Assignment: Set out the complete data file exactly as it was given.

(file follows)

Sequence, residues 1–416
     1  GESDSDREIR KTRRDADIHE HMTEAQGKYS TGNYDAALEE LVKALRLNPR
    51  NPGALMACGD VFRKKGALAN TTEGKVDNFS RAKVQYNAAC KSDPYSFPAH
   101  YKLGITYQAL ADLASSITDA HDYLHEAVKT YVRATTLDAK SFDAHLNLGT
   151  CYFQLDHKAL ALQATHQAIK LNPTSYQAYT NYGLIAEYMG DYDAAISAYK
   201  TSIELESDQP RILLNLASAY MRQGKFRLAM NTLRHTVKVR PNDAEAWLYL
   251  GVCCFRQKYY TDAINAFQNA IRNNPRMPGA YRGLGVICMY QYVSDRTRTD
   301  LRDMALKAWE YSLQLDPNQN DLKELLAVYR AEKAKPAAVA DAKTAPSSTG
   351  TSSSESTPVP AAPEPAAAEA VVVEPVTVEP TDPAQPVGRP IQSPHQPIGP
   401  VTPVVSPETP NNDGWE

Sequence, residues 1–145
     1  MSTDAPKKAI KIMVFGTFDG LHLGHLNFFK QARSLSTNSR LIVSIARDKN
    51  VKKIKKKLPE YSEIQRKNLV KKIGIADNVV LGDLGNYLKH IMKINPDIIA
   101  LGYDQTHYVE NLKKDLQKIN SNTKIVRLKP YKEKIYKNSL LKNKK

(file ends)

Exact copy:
Sequence, residues 1–416
     1  GESDSDREIR KTRRDADIHE HMTEAQGKYS TGNYDAALEE LVKALRLNPR
    51  NPGALMACGD VFRKKGALAN TTEGKVDNFS RAKVQYNAAC KSDPYSFPAH
   101  YKLGITYQAL ADLASSITDA HDYLHEAVKT YVRATTLDAK SFDAHLNLGT
   151  CYFQLDHKAL ALQATHQAIK LNPTSYQAYT NYGLIAEYMG DYDAAISAYK
   201  TSIELESDQP RILLNLASAY MRQGKFRLAM NTLRHTVKVR PNDAEAWLYL
   251  GVCCFRQKYY TDAINAFQNA IRNNPRMPGA YRGLGVICMY QYVSDRTRTD
   301  LRDMALKAWE YSLQLDPNQN DLKELLAVYR AEKAKPAAVA DAKTAPSSTG
   351  TSSSESTPVP AAPEPAAAEA VVVEPVTVEP TDPAQPVGRP IQSPHQPIGP
   401  VTPVVSPETP NNDGWE

Sequence, residues 1–145
     1  MSTDAPKKAI KIMVFGTFDG LHLGHLNFFK QARSLSTNSR LIVSIARDKN
    51  VKKIKKKLPE YSEIQRKNLV KKIGIADNVV LGDLGNYLKH IMKINPDIIA
   101  LGYDQTHYVE NLKKDLQKIN SNTKIVRLKP YKEKIYKNSL LKNKK